It’s been a turbulent year for Aston Martin, and it ain’t over yet. Last week’s announcement about further investment, closer ties with Mercedes-Benz and a new product strategy was supposed to calm fears among the company’s shareholders and excite customers.
So why do I feel so uneasy about it all? The ever-closer ties with Mercedes-Benz may seem like a good thing on the face of it – nobody, least of all Aston Martin, can go it alone in the 21st century – but I’m not sure what this latest announcement gives the British company over and above the deal that was struck in 2013.
Back then it was about engines and “the use of certain components of electric/electronic architecture” in return for five per cent of the business. Now it’s “world-class technologies, including powertrain architecture (for conventional, hybrid and electric vehicles) and future-orientated electric/electronic architecture”, but in exchange for up to 20 per cent of the company.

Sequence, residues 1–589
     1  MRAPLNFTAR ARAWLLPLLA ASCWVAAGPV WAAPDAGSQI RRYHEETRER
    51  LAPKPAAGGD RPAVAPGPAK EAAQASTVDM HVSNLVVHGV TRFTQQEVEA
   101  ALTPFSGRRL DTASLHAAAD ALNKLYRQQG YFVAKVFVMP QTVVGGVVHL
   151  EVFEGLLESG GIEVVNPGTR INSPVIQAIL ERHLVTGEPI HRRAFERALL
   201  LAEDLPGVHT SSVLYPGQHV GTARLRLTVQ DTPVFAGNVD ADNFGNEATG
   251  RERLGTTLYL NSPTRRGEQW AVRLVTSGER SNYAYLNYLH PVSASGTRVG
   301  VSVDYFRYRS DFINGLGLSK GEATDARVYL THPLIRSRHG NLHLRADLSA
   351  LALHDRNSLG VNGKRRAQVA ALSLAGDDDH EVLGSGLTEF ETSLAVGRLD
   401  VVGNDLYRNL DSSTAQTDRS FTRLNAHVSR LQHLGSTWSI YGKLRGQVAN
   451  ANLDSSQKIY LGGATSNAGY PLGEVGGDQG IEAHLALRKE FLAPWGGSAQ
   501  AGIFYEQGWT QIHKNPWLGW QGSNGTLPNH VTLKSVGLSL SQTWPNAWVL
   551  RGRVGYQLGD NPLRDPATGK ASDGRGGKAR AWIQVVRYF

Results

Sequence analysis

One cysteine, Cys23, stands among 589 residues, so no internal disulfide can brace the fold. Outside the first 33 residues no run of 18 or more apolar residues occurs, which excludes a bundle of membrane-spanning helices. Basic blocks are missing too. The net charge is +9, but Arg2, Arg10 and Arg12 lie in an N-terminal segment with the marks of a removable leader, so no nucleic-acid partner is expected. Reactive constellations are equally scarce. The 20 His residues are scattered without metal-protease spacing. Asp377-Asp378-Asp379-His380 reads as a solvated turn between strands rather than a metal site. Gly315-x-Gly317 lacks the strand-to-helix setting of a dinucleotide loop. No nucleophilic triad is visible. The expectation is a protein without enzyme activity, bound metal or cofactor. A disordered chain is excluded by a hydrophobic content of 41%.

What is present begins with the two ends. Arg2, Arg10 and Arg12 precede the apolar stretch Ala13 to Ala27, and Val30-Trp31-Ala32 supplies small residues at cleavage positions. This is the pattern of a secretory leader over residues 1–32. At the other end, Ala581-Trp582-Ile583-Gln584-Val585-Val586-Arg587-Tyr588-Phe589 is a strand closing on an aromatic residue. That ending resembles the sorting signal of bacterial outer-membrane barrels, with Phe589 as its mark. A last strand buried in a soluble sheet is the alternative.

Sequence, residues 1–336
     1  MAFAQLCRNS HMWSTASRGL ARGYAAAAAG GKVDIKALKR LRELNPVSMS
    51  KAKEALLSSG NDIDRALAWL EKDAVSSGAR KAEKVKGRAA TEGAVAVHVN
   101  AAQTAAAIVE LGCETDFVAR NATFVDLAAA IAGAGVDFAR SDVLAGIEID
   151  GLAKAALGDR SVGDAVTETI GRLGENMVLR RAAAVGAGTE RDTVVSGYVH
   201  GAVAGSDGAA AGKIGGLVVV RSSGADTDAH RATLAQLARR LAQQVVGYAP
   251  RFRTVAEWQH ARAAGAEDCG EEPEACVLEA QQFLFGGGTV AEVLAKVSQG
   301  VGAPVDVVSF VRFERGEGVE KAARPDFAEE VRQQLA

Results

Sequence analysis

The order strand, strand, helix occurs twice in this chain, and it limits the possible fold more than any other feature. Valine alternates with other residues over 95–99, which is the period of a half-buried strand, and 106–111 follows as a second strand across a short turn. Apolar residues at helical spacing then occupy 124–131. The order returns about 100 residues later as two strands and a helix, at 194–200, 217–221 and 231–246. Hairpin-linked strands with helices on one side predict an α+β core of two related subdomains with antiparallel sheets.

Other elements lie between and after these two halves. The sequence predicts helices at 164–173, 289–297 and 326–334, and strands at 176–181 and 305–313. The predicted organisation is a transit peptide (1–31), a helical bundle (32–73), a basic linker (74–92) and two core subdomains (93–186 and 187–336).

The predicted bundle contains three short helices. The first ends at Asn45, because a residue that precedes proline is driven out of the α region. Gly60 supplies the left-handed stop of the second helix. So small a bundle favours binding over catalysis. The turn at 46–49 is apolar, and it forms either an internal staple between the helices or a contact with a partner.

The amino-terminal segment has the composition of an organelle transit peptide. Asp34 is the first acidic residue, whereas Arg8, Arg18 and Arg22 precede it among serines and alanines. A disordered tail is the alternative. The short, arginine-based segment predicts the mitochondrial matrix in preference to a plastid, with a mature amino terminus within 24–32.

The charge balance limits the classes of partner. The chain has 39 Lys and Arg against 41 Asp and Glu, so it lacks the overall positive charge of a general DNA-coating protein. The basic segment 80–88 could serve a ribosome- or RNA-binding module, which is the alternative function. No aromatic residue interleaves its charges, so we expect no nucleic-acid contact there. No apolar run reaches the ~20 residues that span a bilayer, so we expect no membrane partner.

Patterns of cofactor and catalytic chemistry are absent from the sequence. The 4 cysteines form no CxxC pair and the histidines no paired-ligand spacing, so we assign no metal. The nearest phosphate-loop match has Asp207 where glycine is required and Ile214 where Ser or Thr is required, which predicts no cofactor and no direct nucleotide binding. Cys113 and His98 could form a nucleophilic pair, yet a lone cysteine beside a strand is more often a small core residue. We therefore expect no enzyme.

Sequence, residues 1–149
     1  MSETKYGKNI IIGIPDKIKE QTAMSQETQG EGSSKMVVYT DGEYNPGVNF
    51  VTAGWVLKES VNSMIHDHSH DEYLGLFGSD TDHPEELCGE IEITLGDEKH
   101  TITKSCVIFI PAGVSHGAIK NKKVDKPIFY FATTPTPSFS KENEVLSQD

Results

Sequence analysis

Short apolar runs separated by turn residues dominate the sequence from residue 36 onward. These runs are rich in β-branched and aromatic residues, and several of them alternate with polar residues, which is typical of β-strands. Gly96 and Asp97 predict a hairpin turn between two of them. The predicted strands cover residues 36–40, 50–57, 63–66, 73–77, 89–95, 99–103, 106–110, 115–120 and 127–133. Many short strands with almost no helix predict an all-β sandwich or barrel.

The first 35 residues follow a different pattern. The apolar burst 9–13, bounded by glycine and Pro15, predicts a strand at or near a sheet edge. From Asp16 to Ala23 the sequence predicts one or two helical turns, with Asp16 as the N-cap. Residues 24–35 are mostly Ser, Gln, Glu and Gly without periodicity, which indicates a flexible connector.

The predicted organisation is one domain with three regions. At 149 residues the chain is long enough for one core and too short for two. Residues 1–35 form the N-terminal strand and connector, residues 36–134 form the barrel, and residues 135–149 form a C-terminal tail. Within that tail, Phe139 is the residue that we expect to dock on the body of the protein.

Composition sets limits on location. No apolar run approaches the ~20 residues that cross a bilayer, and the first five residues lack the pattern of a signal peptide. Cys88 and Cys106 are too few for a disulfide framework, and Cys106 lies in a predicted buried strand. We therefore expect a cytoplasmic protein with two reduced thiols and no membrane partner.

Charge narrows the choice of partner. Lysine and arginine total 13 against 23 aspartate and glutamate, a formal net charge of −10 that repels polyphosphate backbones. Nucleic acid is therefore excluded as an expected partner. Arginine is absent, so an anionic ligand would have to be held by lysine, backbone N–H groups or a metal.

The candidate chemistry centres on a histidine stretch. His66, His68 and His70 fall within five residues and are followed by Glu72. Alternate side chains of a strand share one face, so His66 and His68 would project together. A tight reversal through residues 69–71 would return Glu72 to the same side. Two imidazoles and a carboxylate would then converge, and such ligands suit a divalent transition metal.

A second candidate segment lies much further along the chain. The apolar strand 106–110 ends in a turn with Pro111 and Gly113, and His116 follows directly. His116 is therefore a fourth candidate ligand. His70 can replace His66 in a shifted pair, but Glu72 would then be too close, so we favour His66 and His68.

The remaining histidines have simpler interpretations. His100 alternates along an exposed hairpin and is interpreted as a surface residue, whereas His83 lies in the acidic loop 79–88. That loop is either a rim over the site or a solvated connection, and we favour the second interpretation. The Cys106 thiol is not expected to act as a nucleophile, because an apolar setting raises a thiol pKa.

Sure, this new deal again cuts Aston’s R&D costs, but it’s still a commercial relationship that has to be paid for. The new deal has an end date, too: 2027. At which time, I’m guessing, another deal will be struck with perhaps another, larger, chunk of Aston heading Stuttgart’s way.
My worries are twofold. Firstly, there’s the greater influence Merc will have over the Aston Martin business. And let’s be honest, Mercedes doesn’t have the greatest record when it comes to long-term relationships. Chrysler, McLaren, Mitsubishi and Tesla all spring to mind.
Secondly, when it comes to truly understanding what makes Aston Martin different, and building that all-important relationship with existing and future customers, we’re yet to see any signs of either from the new management team of chairman, clothing magnate and F1 team owner Lawrence Stroll, and his new CEO, former Mercedes man Tobias Moers. Aston fans (including us), owners, potential owners and investors are waiting.